AI-Driven Skills Or Competency Development?
Welcome back to the fourth part (find part 3 here) of our ongoing exploration of the transformative role of Artificial Intelligence (AI) in Learning and Development (L&D). As we journey forward, we’re reminded of Steve Jobs’ compelling metaphor, where he likened computers to a “bicycle for our minds“, amplifying our abilities in unprecedented ways. This metaphor elegantly extends to AI in L&D, and in this fourth installment, we shift gears to focus on the fascinating concept of competency/skills development.
Competencies Versus Skills
In today’s dynamic global environment, businesses are continually grappling with complex challenges and the crucial task of assembling the right team—what Jim Collins famously referred to as getting “the right people on the bus” (2001). This endeavor necessitates a profound understanding of two core concepts: skills and competencies.
Skills are specific abilities an individual possesses, often task-oriented and attainable through training, education, and practice (Rothwell, 2015). These can be bifurcated into categories like technical skills (such as coding and data analysis), and soft skills (like communication and leadership).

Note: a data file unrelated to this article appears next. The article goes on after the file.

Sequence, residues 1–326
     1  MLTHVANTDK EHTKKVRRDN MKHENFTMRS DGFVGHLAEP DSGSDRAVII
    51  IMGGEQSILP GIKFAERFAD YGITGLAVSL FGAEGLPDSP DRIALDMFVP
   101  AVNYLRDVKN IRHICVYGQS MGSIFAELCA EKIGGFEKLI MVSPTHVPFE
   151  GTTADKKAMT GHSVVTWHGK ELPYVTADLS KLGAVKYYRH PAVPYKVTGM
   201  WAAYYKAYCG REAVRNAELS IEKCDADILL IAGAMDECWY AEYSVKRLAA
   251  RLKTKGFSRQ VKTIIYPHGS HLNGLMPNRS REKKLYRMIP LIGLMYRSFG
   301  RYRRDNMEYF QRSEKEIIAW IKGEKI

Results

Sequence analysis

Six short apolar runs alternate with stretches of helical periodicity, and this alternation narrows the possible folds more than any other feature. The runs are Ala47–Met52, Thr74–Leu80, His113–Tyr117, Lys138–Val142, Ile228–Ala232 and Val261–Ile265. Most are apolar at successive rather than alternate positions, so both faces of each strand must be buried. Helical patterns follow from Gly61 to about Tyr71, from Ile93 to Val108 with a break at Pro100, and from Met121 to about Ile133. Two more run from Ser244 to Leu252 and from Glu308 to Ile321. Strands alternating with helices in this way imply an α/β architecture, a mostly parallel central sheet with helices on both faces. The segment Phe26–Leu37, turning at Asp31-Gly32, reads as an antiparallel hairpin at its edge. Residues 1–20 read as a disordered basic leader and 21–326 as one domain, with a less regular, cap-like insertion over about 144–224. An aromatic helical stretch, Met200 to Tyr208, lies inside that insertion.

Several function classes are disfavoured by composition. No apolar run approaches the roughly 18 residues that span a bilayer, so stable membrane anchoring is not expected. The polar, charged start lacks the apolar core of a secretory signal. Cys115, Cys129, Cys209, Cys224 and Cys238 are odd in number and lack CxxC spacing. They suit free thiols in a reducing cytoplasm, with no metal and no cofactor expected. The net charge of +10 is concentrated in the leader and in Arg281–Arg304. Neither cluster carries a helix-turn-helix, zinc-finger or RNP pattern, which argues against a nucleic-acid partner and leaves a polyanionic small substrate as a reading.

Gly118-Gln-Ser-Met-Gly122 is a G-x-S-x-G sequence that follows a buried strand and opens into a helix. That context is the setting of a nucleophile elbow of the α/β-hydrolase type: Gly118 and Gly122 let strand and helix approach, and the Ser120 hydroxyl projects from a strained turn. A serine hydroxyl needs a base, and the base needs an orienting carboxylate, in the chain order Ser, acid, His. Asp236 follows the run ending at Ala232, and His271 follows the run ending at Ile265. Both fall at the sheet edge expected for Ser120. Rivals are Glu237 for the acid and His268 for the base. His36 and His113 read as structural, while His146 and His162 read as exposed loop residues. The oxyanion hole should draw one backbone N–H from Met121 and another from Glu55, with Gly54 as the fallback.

Competencies, conversely, are a broader concept. They amalgamate skills, knowledge, behaviors, and attitudes to enable individuals to excel in a specific role or job. Competencies are tied to organizational goals and embrace problem-solving, adaptability, and teamwork, among others. They represent not just the possession of skills, but also the capability to apply these skills in different practical scenarios (Škrinjarić, 2022). Table 1 is a comparative table to encapsulate the differences between skills and competencies.
Table 1: Skills and competencies
Understanding Constituent Nonrecurrent And Recurrent Skills
Traditional pedagogical approaches have frequently focused on individual skill development, segmenting learning into distinct units. This approach neglects the interconnected nature of skills in real-world application. Merriënboer and Kirschner (2018), in their book Ten Steps to Complex Learning, introduce us to a broader perspective of skill development—one that goes beyond the binary debate of “skills versus competencies.” They present the concepts of constituent nonrecurrent and recurrent skills, which together form a more comprehensive view of skill development in a real-world context.
Constituent Nonrecurrent Skills
These are unique components of a complex skill that can be combined in various ways to handle different tasks and situations (Merriënboer and Kirschner, 2018). These skills are highly contextual and demand cognitive effort to integrate with other skills. They are not routinely required, but become crucial in certain scenarios. For example, in a crisis management situation, a leader’s ability to quickly assess the situation, adapt their communication, and make effective decisions are constituent nonrecurrent skills—they vary with each unique crisis.